• Familiarize yourself with the basic Group Riding Hand Signals.
  • Make sure your vehicle is in good operating condition.
  • Arrive to participate in a group ride with a full tank of gas.
  • Familiarize yourself with the route and scheduled stops.
  • Keep a safe distance behind the bike in front of you.
  • Try and maintain a constant speed. Don't "rubber band," or speed up and slow down.
  • Always ride in staggered formation; it gives you and extra margin for safety. In staggered formation, the bikes form two columns, with the leader at the head of the left column, so he will be able to view all bikes in the formation in his/her rearview mirrors, and be able to see around vehicles the group approaches. The second bike will head the right column, and will ride approximately 1 second behind the leader (and in the opposite side of the lane). The other riders will position their bikes 2 seconds behind the bike directly in front of them, which puts them 1 second behind the diagonal bike. This formation allows each rider sufficient safety space, and discourages other vehicles from cutting into the line. The last rider, or Sweep, may ride on whichever side of the lane he prefers. He will have to change sides during the ride, based on the situation at the moment.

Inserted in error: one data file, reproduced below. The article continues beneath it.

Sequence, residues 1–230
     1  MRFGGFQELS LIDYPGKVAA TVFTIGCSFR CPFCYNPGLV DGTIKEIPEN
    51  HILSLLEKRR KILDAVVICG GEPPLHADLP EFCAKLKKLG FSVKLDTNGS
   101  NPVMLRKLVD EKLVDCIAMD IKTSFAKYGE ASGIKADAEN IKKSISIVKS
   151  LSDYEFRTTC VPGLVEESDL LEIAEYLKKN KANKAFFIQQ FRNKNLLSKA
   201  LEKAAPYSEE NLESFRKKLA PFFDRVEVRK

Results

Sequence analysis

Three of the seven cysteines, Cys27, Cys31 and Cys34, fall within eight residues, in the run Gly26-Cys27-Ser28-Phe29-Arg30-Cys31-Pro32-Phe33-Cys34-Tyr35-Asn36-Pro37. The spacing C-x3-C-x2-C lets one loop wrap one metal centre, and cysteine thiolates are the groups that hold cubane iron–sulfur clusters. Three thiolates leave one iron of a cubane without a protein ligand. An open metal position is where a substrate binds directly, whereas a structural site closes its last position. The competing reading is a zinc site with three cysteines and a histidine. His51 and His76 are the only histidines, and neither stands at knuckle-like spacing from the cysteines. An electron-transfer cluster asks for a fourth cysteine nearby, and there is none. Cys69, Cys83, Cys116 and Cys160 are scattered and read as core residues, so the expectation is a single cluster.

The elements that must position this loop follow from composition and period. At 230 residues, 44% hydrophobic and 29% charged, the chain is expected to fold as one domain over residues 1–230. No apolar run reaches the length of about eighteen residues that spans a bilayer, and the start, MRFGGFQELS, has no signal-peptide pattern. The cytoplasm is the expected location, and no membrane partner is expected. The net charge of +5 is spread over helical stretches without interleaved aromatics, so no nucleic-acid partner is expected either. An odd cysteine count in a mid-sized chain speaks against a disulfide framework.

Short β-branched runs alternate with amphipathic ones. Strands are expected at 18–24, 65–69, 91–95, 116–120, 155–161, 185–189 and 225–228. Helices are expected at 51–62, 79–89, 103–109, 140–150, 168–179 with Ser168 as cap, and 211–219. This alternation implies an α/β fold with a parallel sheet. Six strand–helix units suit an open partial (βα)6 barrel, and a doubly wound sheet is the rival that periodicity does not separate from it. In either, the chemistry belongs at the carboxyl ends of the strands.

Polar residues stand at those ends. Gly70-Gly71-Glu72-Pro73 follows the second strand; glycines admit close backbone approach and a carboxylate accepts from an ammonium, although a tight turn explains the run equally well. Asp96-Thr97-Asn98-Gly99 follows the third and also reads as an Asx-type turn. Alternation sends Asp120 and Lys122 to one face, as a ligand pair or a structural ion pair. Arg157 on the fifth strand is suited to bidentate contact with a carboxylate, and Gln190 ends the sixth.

• The Ride Leader must be aware of the length of the columns, and must gauge the passing of merges, highway entrances and exits, etc., to allow for maximum safety and keeping the group together. He must make sure that he leaves enough time/space for the formation to get into the appropriate lanes before exits, etc. All directions come from the Ride Leader. The Ride Leader makes all decisions regarding lane changes, stopping for breaks and fuel, closing of gaps, turning off at exits, any concerns of what lies ahead, accepting/rejecting radioed messages from other individuals, and so on. No individual will assert himself independently without direction from the Ride Leader to do so.